PURPOSE OF REVIEW: Myasthenia gravis is an autoimmune disease that commonly affects the palpebral and extraocular muscles. Ocular myasthenia gravis (OMG) is a variant of the disease that is confined to the ocular muscles but frequently becomes generalized over time. The diagnosis of OMG is often challenging but both clinical and laboratory findings are helpful in confirming the clinical suspicion. This review provides an update on the diagnostic approach and therapeutic options for OMG. RECENT FINDINGS: Antimuscle-specific tyrosine kinase and LDL-related receptor-related protein 4 are newly available serologic testing for myasthenia gravis that can help in increasing the diagnostic sensitivity of OMG. They should be included to the diagnostic algorithm of OMG in appropriate clinical situations. SUMMARY: OMG remains a primarily clinical diagnosis, but recent advances in laboratory testing can improve the diagnostic accuracy and should be used in appropriate clinical settings. The mainstay of treatment for OMG has not significantly changed over the past years, but the increasing availability of steroid-sparing agents improved the disease control while minimizing steroid-induced complications.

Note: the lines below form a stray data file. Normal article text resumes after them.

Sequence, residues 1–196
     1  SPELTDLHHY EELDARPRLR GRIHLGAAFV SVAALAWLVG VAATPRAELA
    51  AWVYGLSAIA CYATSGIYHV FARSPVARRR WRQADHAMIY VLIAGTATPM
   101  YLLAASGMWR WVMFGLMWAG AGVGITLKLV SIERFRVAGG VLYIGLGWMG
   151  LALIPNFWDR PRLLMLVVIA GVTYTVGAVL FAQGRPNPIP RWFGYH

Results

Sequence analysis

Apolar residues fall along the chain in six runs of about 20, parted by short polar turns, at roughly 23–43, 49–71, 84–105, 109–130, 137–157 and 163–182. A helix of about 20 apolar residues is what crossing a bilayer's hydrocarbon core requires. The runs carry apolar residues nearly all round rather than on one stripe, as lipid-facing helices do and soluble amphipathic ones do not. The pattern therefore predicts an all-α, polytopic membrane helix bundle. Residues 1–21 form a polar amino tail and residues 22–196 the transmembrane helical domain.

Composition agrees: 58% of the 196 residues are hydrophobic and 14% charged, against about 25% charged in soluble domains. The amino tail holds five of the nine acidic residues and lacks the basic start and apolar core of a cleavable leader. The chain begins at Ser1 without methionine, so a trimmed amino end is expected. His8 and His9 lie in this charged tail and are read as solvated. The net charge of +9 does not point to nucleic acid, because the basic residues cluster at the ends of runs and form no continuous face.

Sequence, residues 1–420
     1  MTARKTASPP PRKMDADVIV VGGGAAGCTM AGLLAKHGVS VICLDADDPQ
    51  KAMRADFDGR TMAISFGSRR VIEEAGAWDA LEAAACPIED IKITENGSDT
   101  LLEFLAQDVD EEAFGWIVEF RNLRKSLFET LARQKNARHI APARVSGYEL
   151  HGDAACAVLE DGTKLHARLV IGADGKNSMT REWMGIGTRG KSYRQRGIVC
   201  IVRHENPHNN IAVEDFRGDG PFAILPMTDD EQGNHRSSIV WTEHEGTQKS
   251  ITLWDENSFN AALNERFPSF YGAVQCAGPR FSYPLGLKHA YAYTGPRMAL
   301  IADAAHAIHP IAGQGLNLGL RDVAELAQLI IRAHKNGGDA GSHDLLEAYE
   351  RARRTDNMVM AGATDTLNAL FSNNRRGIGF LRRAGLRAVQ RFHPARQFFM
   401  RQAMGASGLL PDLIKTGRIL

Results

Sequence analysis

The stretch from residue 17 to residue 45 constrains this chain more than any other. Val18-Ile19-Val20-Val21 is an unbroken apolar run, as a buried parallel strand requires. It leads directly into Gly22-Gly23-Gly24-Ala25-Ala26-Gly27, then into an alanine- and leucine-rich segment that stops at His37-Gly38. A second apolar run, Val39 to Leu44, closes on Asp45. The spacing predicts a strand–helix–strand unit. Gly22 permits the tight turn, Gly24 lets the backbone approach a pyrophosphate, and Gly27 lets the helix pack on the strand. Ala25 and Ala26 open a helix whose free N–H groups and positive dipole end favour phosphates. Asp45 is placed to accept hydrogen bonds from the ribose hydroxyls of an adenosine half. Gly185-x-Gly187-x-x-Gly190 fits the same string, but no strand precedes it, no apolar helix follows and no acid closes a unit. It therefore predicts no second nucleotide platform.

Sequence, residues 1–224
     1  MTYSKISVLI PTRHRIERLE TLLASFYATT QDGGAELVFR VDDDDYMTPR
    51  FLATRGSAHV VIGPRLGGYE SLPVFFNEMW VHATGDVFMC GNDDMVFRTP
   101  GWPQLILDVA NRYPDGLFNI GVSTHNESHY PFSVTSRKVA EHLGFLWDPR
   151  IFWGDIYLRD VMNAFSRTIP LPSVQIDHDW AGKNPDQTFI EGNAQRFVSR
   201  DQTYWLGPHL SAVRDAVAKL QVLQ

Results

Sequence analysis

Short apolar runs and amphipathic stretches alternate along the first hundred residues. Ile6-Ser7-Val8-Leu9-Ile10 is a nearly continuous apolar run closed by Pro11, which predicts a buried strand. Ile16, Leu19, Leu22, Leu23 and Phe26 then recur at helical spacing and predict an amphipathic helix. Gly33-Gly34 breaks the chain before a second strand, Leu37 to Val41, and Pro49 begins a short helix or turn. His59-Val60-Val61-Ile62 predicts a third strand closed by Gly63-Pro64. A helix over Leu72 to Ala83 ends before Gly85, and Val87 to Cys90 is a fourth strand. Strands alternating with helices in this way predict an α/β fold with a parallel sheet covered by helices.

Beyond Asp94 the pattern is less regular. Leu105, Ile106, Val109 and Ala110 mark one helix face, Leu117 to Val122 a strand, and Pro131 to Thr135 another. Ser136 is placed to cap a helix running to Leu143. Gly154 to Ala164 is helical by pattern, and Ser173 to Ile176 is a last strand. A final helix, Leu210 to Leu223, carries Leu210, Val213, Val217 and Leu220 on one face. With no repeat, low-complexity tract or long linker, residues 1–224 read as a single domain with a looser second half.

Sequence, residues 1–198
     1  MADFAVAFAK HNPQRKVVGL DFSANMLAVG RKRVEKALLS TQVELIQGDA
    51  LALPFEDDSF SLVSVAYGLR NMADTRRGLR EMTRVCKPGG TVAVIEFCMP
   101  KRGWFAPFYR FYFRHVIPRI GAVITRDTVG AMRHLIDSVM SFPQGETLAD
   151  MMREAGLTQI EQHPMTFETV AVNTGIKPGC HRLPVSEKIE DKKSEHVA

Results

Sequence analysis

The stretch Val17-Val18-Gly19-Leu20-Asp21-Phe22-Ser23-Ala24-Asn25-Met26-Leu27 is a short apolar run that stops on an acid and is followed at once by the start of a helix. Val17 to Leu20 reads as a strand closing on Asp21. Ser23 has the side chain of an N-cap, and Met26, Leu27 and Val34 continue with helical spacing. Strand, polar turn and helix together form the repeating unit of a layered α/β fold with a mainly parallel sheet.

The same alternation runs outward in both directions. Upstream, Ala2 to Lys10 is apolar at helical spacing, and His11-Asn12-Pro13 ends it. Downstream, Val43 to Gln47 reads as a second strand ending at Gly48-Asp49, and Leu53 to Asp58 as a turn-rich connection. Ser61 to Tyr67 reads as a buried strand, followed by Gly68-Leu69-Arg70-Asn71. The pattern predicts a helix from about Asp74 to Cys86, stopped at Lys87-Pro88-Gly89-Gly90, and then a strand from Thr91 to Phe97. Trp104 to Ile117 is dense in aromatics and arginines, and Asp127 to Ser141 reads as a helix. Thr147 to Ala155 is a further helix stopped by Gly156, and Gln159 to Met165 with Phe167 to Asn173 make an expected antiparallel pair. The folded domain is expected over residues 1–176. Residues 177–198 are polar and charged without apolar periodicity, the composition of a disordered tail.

Ibrahim AS, Elmasry K, Wan M, Abdulmoneim S, Still A, Khan F, Khalil A, Saul A, Hoda MN, Al-Shabrawey M. A Controlled Impact of Optic Nerve as a New Model of Traumatic Optic Neuropathy in Mouse. Invest Ophthalmol Vis Sci 2018;59(13):5548-5557.Abstract